Book Review - Talk Is Cheap: Switching To Internet Telephones by James E. Gaskin
Want to say good-bye to your plain old telephone service with the high cost of taxes, add-on fees, and long-distance? Check out James E. Gaskin's book Talk Is Cheap - Switching To Internet Telephones (O'Reilly). I certainly learned quite a bit from this book...
Contents: How Internet Telephone Calls Work; Your Internet Phone; Free Internet Phone Features That You're Paying For Now; Choosing Your Internet Phone Equipment; Vonage And Other Broadband Phone Carriers; Skype And Other Computer-centric Services; 911, Alarms, And Other Outgoing Calls; Tips, Tricks, And Techniques For Advanced Users; Go Wireless; Index
As more and more people switch to broadband internet access, there's an emerging option for telephony services in the home. Using your internet connection (DSL or cable), you can switch to internet telephony, also known as Voice over Internet Protocol (VoIP) and go all digital. Gaskin does an excellent job in explaining exactly what this is, how it works, and the pros and cons of switching to a service like this. He's a pretty strong advocate of VoIP, so you can pretty much figure out where his bias is going to lie.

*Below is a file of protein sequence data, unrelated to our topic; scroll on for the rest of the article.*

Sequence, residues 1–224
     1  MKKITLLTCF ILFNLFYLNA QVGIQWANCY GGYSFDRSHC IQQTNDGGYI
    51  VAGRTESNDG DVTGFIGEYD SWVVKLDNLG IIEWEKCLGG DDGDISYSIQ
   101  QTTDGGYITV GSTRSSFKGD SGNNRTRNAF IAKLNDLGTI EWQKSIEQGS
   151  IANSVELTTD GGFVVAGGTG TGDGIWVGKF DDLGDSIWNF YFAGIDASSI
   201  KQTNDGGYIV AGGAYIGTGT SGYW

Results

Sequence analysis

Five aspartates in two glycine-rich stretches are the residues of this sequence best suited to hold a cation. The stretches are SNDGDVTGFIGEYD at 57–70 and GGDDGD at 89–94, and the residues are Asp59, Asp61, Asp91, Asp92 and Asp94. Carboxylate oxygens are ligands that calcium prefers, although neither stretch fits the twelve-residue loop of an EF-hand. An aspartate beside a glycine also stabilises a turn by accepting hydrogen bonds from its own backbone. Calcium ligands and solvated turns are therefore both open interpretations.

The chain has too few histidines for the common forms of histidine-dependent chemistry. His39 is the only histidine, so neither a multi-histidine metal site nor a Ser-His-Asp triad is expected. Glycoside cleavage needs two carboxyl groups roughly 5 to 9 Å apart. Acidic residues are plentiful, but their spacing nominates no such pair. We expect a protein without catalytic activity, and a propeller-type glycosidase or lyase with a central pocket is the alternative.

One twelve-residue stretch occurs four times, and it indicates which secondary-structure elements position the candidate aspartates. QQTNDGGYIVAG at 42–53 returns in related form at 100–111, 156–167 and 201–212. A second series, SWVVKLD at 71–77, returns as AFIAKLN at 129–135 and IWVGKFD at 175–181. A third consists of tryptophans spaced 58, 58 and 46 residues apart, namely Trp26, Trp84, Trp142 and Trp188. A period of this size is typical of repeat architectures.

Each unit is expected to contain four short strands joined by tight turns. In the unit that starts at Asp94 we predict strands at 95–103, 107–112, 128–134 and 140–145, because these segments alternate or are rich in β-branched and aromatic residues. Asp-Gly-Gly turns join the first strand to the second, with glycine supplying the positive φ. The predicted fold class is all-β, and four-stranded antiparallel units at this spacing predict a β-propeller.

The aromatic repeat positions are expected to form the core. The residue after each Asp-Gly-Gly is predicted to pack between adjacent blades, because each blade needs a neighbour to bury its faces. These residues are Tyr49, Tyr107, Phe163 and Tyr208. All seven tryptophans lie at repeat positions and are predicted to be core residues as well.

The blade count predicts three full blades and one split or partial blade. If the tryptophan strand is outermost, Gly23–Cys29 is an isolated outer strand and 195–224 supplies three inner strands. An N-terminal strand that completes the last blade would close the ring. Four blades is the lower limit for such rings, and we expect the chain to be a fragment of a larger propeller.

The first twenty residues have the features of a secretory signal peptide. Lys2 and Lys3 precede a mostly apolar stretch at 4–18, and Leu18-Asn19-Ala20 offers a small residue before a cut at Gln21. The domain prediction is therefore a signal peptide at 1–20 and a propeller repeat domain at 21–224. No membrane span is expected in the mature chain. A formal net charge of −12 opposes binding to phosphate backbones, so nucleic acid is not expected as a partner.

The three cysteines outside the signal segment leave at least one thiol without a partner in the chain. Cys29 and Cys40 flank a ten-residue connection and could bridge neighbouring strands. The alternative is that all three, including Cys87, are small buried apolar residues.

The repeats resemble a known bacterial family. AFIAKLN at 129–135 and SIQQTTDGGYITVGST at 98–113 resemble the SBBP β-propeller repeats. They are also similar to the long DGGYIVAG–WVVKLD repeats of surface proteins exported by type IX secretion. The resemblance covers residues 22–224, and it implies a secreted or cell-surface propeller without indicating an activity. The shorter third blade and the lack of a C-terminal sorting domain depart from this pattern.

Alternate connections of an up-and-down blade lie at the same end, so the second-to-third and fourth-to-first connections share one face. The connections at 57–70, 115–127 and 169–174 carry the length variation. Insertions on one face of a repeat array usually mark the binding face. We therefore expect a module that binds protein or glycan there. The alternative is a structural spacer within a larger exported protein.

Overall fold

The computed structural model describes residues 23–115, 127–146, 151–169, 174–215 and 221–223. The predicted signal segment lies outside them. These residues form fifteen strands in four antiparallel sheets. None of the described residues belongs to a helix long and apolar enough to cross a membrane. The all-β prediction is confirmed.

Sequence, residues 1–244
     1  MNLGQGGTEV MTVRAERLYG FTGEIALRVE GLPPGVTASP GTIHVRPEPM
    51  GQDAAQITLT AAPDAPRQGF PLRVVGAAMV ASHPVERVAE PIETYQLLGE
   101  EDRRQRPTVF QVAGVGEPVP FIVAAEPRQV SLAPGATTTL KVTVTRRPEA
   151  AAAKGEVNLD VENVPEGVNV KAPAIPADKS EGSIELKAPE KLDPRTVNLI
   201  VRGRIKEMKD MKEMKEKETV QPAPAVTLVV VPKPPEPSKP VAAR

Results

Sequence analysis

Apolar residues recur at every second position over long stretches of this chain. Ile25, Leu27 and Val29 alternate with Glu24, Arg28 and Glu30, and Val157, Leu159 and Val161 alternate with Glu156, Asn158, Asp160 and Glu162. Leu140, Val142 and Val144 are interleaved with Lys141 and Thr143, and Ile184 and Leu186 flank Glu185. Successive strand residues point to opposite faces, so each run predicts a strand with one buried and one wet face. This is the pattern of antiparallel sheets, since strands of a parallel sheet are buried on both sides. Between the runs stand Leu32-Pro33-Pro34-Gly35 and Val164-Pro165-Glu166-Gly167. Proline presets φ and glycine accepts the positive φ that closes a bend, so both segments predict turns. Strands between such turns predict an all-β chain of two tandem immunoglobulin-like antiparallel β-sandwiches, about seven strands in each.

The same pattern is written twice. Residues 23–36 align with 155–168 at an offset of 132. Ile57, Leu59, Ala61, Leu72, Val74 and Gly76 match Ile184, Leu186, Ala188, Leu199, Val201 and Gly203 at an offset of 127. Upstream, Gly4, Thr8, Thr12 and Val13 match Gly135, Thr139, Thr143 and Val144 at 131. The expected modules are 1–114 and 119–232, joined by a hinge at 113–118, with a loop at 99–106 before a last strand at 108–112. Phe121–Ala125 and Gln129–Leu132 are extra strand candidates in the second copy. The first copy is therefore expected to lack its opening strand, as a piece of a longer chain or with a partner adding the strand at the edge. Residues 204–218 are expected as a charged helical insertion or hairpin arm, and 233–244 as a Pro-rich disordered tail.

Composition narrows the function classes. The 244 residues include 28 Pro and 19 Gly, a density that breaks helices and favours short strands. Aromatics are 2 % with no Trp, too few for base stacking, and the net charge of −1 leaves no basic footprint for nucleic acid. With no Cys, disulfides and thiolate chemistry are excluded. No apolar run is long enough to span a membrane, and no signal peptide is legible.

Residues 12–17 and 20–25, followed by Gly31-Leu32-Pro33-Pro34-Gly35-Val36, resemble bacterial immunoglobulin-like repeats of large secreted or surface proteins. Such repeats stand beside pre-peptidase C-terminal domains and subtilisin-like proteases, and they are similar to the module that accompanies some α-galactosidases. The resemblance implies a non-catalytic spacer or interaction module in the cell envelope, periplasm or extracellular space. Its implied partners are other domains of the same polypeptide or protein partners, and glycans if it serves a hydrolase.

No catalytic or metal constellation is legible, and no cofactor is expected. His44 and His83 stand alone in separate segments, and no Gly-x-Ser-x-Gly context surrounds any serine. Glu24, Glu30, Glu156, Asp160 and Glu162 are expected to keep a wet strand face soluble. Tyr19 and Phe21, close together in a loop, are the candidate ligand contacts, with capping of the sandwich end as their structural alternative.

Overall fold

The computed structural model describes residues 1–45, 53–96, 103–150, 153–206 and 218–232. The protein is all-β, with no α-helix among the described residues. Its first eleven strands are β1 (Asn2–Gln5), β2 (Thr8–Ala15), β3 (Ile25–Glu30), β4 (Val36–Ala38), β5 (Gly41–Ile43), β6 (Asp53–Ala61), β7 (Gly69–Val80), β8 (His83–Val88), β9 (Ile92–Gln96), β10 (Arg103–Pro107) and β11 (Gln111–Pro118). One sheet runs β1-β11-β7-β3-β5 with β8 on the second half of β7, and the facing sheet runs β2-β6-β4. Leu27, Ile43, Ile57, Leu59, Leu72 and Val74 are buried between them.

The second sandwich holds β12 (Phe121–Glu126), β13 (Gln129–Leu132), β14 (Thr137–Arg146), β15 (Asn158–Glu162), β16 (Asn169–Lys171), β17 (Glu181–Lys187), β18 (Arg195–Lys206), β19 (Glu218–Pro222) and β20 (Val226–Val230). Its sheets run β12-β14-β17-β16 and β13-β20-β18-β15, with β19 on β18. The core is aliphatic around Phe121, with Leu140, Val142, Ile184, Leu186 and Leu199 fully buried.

The book focuses on two major types of internet telephony: phone-centric and computer-centric. In the phone-centric area (using your phone much like before, but only through an internet service) he uses Vonage as the primary example of what to expect. On the computer-centric side (no telephone, just headphones and speakers attached to your computer), he uses the Skype package as the leader in that area. In this growing technology area, it's impossible to write a book covering every option such that it won't be out of date before it's printed. To Gaskin's credit, he does a good job in covering the current playing field, as well as giving enough detail to figure in new options as they emerge.
Even though you can come away from a book like this thinking all is rosy, that's not quite the case. There are very well documented customer service issues with Vonage, and no player in the field is mature enough to get it right as often as Ma Bell does. Still, if you're an early adopter of technology, this is definitely an area you need to check out. And if you have no exposure to residential VoIP up until now, I'd recommend a copy of this book to get you up to speed quickly.